Hawkins v. Nuttallburg Coal & Coke Co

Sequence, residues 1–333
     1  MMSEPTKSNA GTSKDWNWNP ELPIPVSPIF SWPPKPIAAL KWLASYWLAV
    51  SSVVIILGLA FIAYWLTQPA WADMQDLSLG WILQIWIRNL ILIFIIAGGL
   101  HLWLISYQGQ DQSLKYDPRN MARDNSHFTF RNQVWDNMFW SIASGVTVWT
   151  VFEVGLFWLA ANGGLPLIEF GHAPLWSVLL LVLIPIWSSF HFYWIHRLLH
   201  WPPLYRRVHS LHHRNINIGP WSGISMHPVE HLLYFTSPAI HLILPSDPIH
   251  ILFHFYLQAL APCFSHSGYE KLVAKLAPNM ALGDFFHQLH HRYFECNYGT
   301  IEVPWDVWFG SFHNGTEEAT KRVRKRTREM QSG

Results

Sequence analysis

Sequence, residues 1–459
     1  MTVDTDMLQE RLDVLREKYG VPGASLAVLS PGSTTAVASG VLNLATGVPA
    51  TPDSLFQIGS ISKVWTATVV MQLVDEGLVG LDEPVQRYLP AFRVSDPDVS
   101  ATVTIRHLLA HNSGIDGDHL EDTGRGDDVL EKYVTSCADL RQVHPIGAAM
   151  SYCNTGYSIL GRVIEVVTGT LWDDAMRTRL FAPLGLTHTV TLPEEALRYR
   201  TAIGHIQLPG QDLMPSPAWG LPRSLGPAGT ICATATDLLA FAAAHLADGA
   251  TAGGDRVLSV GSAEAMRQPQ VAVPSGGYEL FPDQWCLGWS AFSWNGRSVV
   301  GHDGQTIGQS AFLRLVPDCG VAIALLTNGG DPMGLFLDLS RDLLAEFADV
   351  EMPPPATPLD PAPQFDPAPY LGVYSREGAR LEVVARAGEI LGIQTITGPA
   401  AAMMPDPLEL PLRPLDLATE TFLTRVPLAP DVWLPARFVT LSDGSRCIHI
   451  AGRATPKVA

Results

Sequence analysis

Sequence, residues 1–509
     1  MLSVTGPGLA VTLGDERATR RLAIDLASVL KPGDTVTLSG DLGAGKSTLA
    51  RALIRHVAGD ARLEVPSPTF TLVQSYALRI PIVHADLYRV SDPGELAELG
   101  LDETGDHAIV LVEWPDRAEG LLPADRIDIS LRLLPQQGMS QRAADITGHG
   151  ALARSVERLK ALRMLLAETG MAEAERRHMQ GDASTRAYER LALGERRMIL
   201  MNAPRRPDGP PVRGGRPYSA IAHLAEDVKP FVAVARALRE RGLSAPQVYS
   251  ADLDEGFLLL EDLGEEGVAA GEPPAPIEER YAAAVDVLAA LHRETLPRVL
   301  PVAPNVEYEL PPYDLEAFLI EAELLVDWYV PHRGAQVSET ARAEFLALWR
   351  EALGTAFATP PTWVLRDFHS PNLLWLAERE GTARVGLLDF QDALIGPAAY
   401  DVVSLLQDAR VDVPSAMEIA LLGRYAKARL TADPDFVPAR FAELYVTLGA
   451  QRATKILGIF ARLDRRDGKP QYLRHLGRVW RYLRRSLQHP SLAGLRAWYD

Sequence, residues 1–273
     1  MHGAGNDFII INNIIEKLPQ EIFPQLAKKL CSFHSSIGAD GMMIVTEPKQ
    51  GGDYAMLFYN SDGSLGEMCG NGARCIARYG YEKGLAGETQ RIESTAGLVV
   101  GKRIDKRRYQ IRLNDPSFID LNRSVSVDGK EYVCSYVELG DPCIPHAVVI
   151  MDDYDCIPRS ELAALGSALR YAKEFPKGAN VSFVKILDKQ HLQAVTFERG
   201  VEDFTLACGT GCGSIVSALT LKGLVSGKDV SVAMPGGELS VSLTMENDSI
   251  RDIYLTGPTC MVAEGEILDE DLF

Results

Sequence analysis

In Hawkins v. Nuttallburg Coal & Coke Co., 66 W. Va. 415, 66 S.E. 520 (1909), a coal company employee was killed and his administrator brought a wrongful death action against the coal company. The jury rendered a verdict for the plaintiff for $ 500 in damages, and the plaintiff moved the court to set aside the verdict because it was so small that it evinced passion, prejudice, or corruption. The circuit court set aside the verdict and awarded the plaintiff a new trial, and the coal company appealed. The Court held that the circuit court erred in setting aside the verdict and stated: "We have held that, where a motion to set aside a verdict is because of excessive or inadequate damages, the court must not encroach on the province of a jury. In their assessment in tort cases there is no fixed measure, as in cases of contract. This is the case in actions generally. But in the case of an action under the statute for the death of a person this is peculiarly the case. Our decisions go to the effect that the jury, in such cases, is under the statute giving the action absolutely the judge of the amount of damages, and its finding cannot be disturbed unless the court can see that the jury was actuated by passion, prejudice, or corruption." (Id., 66 W. Va. at 416, 66 S.E. at 520.) The Court further said that the presence of passion, prejudice, or corruption cannot be presumed from the mere amount of the verdict.